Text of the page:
I think the states will push back, since it involves 'a drug war' mentally by the federal gov.

 

Also, Reagan's attack on 'drinking age' did not 'reverse' the total legalization of alcohol, a major difference in the two situations, and not really comparable in my opinion.

 

But just as with the doubt that many had that Colorado and Washington state would legalize cannabis, we'll just have to wait and see.

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I think the difference in the drinking age is that it did not create a second class of citizen as did the marriage issue. It effected all people equally. In relation to marijuana, the Fed Gov could be creating a second class of citizen based on what medicine they choose to take. I believe a State may sue the Fed if a federal law infringes on a state program or the rights of it's citizens.

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They made it a privilege I do believe.

 

I think 2 states may have done state constitutional amendments to allow a minority group to use in limited circumstances.

 

 But not a right.

 

Mal, a very well informed point.

 

But we do have the 'right' to the Pursuit of Life, Liberty and Happiness, and I believe the 'use' of cannabis easily falls within that framework... and we have to use our 'rights' to insure our personal freedoms in that 'pursuit, cannabis use being only one of them.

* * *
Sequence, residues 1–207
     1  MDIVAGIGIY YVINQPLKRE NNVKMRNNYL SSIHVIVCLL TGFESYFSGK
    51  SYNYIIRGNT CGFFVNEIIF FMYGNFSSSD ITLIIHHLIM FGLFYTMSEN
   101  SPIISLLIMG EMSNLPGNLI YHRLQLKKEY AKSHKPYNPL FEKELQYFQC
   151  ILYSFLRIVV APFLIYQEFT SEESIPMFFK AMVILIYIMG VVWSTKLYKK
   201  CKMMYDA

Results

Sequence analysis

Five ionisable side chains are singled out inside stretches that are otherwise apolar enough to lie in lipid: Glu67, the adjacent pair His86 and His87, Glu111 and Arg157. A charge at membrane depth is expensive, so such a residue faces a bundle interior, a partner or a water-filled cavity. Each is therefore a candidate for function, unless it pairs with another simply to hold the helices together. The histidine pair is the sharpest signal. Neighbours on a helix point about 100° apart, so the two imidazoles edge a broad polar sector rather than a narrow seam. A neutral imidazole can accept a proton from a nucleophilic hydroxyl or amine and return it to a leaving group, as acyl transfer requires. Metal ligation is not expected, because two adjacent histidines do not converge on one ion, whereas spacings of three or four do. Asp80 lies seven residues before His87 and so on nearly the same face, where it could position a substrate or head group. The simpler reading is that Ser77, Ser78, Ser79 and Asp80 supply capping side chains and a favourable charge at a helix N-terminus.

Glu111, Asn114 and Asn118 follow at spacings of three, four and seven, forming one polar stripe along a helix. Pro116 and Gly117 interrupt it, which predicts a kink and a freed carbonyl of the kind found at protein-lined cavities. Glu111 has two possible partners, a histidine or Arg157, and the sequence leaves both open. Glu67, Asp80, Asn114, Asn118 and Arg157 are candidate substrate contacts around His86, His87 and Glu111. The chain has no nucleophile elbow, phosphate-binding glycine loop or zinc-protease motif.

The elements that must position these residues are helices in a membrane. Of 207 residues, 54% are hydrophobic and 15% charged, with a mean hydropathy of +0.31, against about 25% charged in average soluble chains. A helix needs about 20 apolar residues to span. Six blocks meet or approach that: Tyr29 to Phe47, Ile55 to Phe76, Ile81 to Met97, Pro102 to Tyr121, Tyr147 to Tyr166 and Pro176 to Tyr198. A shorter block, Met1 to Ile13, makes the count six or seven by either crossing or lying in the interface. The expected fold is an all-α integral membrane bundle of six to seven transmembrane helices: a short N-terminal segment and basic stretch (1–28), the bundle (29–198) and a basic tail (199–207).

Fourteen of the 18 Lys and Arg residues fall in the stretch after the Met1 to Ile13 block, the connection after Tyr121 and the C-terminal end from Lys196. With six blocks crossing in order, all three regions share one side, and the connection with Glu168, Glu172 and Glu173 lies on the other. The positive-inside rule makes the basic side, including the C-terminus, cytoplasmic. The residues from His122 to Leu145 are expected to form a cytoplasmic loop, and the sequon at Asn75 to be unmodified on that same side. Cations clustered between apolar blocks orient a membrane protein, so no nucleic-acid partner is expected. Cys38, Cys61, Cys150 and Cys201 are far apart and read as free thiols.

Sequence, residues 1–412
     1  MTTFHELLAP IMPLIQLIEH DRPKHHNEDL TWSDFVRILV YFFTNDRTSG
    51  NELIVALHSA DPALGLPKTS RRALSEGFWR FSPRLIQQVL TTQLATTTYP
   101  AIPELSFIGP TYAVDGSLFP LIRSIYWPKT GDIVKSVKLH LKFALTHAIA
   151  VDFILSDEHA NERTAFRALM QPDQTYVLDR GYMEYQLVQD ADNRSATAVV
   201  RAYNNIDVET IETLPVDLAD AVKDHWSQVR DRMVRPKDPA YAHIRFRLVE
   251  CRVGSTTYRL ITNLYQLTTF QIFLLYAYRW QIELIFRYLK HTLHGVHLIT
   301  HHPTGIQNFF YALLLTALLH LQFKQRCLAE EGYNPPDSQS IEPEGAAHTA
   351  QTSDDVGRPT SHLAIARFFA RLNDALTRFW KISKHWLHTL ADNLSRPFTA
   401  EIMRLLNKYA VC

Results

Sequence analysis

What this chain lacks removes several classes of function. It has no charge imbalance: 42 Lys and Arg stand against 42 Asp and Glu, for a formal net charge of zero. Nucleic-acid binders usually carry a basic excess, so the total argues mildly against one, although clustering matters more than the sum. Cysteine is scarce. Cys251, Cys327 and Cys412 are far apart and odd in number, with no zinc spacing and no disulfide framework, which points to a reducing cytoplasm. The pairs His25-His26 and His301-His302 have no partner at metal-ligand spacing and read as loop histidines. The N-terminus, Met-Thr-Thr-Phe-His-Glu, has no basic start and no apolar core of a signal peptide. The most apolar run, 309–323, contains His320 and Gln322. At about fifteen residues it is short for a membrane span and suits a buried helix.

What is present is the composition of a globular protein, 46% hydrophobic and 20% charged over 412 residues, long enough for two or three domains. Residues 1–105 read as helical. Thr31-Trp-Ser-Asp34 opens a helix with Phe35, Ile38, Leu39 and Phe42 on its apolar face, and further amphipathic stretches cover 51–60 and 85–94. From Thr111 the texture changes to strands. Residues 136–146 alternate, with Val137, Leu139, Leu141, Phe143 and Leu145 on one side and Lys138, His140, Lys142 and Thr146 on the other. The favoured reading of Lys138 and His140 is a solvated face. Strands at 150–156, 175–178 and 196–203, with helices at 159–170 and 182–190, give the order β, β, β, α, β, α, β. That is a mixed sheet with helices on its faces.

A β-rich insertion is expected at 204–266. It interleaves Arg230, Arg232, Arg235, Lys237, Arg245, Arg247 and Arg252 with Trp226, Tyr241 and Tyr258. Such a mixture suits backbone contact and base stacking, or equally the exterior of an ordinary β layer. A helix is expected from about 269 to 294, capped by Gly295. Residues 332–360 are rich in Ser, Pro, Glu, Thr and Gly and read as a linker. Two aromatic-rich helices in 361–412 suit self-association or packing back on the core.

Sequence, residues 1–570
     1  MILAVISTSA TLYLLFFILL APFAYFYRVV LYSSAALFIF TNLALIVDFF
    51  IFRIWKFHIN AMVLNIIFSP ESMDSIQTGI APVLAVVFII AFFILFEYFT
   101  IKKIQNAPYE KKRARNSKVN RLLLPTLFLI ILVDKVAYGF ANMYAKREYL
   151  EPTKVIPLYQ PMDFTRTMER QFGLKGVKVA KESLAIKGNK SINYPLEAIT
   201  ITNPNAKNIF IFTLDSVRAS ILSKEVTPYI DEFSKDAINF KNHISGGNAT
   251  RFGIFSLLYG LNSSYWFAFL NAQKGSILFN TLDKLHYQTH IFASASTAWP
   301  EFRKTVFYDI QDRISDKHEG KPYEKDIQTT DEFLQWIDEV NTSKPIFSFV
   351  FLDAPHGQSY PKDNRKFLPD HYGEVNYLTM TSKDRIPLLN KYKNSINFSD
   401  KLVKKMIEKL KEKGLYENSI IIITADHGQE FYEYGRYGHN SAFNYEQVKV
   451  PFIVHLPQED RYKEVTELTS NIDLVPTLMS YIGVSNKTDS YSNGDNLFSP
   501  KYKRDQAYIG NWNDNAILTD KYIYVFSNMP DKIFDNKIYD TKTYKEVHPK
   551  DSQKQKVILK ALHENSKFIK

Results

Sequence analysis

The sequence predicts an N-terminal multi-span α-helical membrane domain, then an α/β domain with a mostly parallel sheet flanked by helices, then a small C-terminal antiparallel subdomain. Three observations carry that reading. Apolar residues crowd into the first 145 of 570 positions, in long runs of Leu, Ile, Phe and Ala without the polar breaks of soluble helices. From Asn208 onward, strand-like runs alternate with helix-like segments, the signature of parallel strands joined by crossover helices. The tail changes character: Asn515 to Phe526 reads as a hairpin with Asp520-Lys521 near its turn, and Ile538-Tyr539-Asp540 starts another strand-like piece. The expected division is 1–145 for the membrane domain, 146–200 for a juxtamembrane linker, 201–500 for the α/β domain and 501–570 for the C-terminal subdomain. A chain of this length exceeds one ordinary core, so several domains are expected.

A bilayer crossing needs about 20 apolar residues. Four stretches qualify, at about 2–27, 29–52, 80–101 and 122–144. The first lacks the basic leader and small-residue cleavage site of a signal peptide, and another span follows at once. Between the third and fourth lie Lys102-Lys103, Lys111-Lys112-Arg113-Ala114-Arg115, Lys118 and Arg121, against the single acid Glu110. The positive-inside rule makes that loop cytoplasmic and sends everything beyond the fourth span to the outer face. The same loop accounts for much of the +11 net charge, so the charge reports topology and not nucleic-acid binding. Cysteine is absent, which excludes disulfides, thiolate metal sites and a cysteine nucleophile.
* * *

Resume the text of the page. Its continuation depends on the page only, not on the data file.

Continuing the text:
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I agree philosophically unquestionably.

 

 But your quote is not from the Constitution it is from the Declaration of independence.

 

 I would agree there are probably 3 items within the Constitution that should forbid the government from making people not be allowed to use cannabis' but unfortunately the Supremes have ruled otherwise.

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Part of the issue with gay marriage was that marriage is not a "right". They still ruled that they can not prevent gay marriage because it interfered with their quality of life. I think it is applicable to marijuana, recreational and medicinal.

 

EDIT:

 

"5-4: DOMA is unconstitutional as a deprivation of the equal liberty of persons that is protected by the Fifth Amendment." Source - scotusblog.com.

Edited by OG Fire Beaster
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I agree philosophically unquestionably.

 

 But your quote is not from the Constitution it is from the Declaration of independence.

 

 I would agree there are probably 3 items within the Constitution that should forbid the government from making people not be allowed to use cannabis' but unfortunately the Supremes have ruled otherwise.

 

Yes, of course you're right,  Mal.

 

But the Constitution is based upon the idea of basic human 'rights' that the 'Declaration' defined.

 

The 'Constitution' is the document that gives these basic human rights their 'legality' to be claimed and, hopefully, guaranteed.

 

And, again, I believe the use of cannabis is one of those 'basic human rights' guaranteed by the Constitution.

 

And of course we all know that the actual Constitution was written on hemp paper (and probably the Declaration of Independence as well).

 

Now I'll get off my soap box.